Know Your Opponent: San Diego Padres


Mar 12, 2015; Peoria, AZ, USA; San Diego Padres starting pitcher James Shields (33) throws in the first inning during a spring training game against the Los Angeles Dodgers at Peoria Sports Complex. Mandatory Credit: Rick Scuteri-USA TODAY Sports

Part three of our preseason look at the NL West takes us to sunny southern California, where major offseason moves and a new general manager have San Diego Padres fans dreaming about the postseason. 

The San Diego Padres made a big splash this winter and it has them in the right direction, to be sure. Are they a contending team immediately? Do they need a few more pieces before they can consider themselves playoff-ready?

One thing is for sure: they’re much better than the Rockies.

What they’re doing right. Admittedly, a lot of stuff. New general manager A.J. Preller has been making moves, acquiring Matt Kemp from the Dodgers, catcher Derek Norris from the Athletics, and other pieces like Justin Upton and Wil Myers to round out the outfield.

Offense was a major problem in San Diego last year as the team finished dead last in the league in far too many offensive categories; Preller has theoretically corrected that by adding Kemp, Upton, and Myers to patrol the outfield.

He’s got a logjam there and has to figure out what to do with Cameron Maybin (who might get traded), Carlos Quentin (who might play first) and Will Venable (who might be their left-handed fourth outfielder), but it’s, at least on paper, an embarrassment of riches.

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On the mound, the Padres added to a rotation that was dominant last season.

James Shields is the notable acquisition after the Padres landed him just before Spring Training began, but he joins a deep pitching staff and a rotation that will be anchored by Ian Kennedy, Tyson Ross, and Andrew Cashner.

Additionally, Josh Johnson (remember him?) is getting healthy and will be available in a few months, too. Like the outfield, the starting rotation is an embarrassment of riches for the Friars.

The bullpen remains intact from last year, more or less, and despite the departure this week of Alex Torres in a trade to the Mets, will still be a solid group. Joaquin Benoit, Kevin Quackenbush and Dale Thayer will anchor the pen.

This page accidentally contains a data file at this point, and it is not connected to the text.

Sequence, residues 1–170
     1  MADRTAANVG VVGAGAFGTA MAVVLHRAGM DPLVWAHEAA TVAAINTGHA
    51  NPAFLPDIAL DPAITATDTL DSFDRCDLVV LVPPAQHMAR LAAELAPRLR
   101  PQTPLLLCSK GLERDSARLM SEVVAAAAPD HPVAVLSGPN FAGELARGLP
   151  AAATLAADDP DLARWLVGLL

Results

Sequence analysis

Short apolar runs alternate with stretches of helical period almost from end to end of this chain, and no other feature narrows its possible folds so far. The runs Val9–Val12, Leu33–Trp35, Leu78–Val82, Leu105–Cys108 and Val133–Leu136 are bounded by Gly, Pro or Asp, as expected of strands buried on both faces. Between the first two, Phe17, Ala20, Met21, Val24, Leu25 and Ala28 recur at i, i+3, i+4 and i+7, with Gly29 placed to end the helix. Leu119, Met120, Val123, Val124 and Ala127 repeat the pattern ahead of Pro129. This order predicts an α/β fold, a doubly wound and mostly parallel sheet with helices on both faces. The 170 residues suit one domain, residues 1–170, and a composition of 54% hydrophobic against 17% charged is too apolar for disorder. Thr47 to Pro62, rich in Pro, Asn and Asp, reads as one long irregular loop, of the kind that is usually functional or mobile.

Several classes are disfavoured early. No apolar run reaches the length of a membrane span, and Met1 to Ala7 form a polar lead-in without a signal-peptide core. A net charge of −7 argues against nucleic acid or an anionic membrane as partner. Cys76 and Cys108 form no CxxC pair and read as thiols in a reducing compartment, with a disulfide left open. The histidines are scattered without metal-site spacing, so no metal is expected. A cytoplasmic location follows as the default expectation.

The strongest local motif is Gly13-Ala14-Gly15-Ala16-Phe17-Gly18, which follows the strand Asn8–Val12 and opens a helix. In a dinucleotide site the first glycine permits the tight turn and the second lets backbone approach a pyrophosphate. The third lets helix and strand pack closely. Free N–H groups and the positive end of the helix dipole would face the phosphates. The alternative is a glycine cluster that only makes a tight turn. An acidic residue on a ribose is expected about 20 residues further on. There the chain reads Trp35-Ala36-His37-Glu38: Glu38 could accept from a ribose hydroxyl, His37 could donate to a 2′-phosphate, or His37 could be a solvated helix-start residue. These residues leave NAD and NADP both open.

Watch for Frank Garces, their new left-handed specialist, as he tries to get Justin Morneau, Corey Dickerson, Carlos Gonzalez and Charlie Blackmon out all year.

What they’re doing wrong. Their infield is as weak as their outfield is strong. While Preller brought in outfielders who can hit (but, admittedly, are poor defenders), he didn’t do enough to revamp the infield in any significant way.

Will Middlebrooks (3B), Alexi Amarista (SS), Jedd Gyorko (2B) and Yonder Alonso (1B) look to start across the infield, with Carlos Quentin and Yangervis Solarte perhaps seeing time at first base, and Clint Barmes (yes, Clint Barmes) seeing time in the middle infield as a utility man.

Those guys don’t hit, at all, and they also play very poor defense.

While the bullpen, starting rotation, and outfield can all be considered strengths for the Padres, the club has some shorcomings in the infield unless something changes with a trade or acquisition. It’s a wonder they didn’t end up getting Hector Olivera when they had the chance.

Sep 20, 2014; San Diego, CA, USA; San Diego Padres second baseman Jedd Gyorko (9) at bat during the third inning against the San Francisco Giants at Petco Park. Mandatory Credit: Jake Roth-USA TODAY Sports

One player to watch. Shields is the obvious choice, and he’ll have a nice season, but let’s choose Gyorko at second base.

Gyorko had a promising rookie year with tons of power for a second basemen, and then scuffled last season in his sophomore campaign.

Which Gyorko shows up in 2015?

Will he hit 25 home runs and carry the infield’s other shortcomings on his back, or be a part of an under-producing unit?

The Padres pitch well, but if guys like Gyorko don’t hit, they may not be the division contenders they believe they are.

What they should do this year. 

They should challenge for the division, or more likely the wild card, but I don’t think they have the weapons they need to run up on the Dodgers quite yet. The infield doesn’t hit. Nobody in the field plays great defense.

Can Matt Kemp and James Shields push this team over the top?

We’ll first see them April 20-23 at Coors Field.